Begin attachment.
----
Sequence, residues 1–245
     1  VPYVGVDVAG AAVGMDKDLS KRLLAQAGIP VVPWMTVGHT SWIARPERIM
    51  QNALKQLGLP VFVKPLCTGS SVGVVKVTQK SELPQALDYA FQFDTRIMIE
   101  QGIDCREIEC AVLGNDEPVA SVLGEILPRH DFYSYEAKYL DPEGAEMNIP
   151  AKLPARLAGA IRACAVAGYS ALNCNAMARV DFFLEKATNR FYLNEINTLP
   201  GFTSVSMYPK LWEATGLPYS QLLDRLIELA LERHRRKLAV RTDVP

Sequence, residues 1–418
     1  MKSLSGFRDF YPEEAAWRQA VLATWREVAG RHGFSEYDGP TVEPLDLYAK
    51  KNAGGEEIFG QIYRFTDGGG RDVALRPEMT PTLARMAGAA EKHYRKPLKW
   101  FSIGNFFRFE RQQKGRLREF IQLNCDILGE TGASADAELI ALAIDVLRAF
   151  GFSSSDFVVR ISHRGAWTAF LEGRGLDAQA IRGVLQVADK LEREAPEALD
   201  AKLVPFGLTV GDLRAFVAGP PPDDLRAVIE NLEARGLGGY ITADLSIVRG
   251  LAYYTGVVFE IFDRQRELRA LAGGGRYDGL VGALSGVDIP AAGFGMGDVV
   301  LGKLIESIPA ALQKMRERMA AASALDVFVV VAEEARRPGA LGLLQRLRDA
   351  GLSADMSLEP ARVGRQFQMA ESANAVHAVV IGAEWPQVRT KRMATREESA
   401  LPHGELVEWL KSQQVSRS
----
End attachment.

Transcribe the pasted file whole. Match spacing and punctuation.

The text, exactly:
Sequence, residues 1–245
     1  VPYVGVDVAG AAVGMDKDLS KRLLAQAGIP VVPWMTVGHT SWIARPERIM
    51  QNALKQLGLP VFVKPLCTGS SVGVVKVTQK SELPQALDYA FQFDTRIMIE
   101  QGIDCREIEC AVLGNDEPVA SVLGEILPRH DFYSYEAKYL DPEGAEMNIP
   151  AKLPARLAGA IRACAVAGYS ALNCNAMARV DFFLEKATNR FYLNEINTLP
   201  GFTSVSMYPK LWEATGLPYS QLLDRLIELA LERHRRKLAV RTDVP

Sequence, residues 1–418
     1  MKSLSGFRDF YPEEAAWRQA VLATWREVAG RHGFSEYDGP TVEPLDLYAK
    51  KNAGGEEIFG QIYRFTDGGG RDVALRPEMT PTLARMAGAA EKHYRKPLKW
   101  FSIGNFFRFE RQQKGRLREF IQLNCDILGE TGASADAELI ALAIDVLRAF
   151  GFSSSDFVVR ISHRGAWTAF LEGRGLDAQA IRGVLQVADK LEREAPEALD
   201  AKLVPFGLTV GDLRAFVAGP PPDDLRAVIE NLEARGLGGY ITADLSIVRG
   251  LAYYTGVVFE IFDRQRELRA LAGGGRYDGL VGALSGVDIP AAGFGMGDVV
   301  LGKLIESIPA ALQKMRERMA AASALDVFVV VAEEARRPGA LGLLQRLRDA
   351  GLSADMSLEP ARVGRQFQMA ESANAVHAVV IGAEWPQVRT KRMATREESA
   401  LPHGELVEWL KSQQVSRS